It’s something any avid watcher of Antiques Roadshow dreams of – to find a set of rolled up canvases in the attic, the forgotten horde of an artist. It happens, and sometimes it happens to the artist themselves, as it did last year to abstract painter John McLean who had forgotten that he had stored a number of canvases in the cupboard of an American friend some 30 years ago. Rediscovered by chance when the friend was cleaning out her cupboards, the haul is the subject of a forthcoming exhibition at the Fine Art Society this month.

“John had taught in a lot of art schools,” says Emily Walsh, Director of the Fine Art Society in Edinburgh, speaking of the Courtauld-trained artist who became one of Britain’s leading abstract painter in the late 20th century. “He was invited to lecture at the Boston Museum of Fine Arts in 1982, but discovered when he got there that the post had been reduced to one day a week. He lived a hand to mouth existence,” says Walsh. McLean filled in the time by painting, but when the job finished he didn’t have enough money to ship the works back to the UK. “A friend said, give them to me and I’ll keep them until you can ship them over, upon which they both forgot all about it.”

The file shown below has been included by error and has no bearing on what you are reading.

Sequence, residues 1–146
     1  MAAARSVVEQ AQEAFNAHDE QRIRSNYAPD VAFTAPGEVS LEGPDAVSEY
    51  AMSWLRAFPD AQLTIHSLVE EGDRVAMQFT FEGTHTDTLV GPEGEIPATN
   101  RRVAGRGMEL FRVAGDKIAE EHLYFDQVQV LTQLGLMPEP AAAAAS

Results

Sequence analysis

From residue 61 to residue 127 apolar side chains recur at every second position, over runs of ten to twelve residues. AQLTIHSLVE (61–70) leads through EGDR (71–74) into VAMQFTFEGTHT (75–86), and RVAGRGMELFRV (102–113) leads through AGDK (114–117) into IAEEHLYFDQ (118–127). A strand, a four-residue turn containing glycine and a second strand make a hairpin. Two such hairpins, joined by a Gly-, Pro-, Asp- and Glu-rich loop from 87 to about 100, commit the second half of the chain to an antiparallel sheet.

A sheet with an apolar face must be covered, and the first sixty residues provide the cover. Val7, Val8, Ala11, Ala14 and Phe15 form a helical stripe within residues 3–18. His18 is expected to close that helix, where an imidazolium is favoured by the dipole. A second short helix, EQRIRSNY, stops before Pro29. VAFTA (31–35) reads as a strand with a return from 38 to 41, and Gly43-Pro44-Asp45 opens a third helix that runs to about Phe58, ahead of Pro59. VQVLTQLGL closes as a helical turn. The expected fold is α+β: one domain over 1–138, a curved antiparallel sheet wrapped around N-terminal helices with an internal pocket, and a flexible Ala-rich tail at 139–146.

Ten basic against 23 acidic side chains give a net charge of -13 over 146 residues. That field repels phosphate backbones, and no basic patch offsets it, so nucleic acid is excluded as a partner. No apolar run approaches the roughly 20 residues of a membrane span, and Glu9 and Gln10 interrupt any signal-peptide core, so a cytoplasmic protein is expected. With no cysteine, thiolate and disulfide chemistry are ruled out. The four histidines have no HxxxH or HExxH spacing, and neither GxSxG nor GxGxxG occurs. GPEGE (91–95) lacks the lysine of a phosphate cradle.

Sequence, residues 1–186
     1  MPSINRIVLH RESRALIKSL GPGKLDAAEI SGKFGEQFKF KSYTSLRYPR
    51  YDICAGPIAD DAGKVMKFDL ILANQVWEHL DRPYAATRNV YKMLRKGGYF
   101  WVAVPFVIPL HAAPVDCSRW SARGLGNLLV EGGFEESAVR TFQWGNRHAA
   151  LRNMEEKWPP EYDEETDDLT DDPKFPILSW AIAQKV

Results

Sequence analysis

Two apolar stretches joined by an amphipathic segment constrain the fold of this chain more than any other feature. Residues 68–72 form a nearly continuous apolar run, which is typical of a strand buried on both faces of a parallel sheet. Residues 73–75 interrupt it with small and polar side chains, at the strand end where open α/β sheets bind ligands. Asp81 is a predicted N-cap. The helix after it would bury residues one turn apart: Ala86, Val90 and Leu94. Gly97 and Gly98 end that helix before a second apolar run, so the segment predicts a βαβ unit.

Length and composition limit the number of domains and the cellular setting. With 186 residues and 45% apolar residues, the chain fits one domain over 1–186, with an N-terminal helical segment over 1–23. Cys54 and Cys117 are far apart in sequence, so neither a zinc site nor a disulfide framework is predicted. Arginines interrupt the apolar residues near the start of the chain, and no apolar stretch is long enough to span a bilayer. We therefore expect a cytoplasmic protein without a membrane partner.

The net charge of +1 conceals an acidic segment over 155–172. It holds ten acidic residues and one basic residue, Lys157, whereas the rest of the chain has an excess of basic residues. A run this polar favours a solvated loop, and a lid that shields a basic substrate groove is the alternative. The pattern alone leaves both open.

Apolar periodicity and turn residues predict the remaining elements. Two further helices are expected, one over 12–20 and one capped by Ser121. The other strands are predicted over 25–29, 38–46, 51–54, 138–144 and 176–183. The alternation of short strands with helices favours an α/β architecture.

The works are typical mid-career McLean. “I think the critical change in his work came on that trip when he went to Emma Lake in Saskatchewan, a place he kept returning to,” says Walsh. “His work got brighter and bolder and he engaged with a lot of American abstract painters who were like-minded – there was no one doing the same thing in the UK, really, aside from Caro.” The vibrant pictures in this coming exhibition, lost in a cupboard for so long, are a unique snapshot from a vital moment in the artist’s career.

John McLean: The Boston Pictures, The Fine Art Society, 6 Dundas Street, Edinburgh, 0131 557 4050, Until 10 Nov, Mon – Fri, 10am – 6pm, Sat 11am – 2pm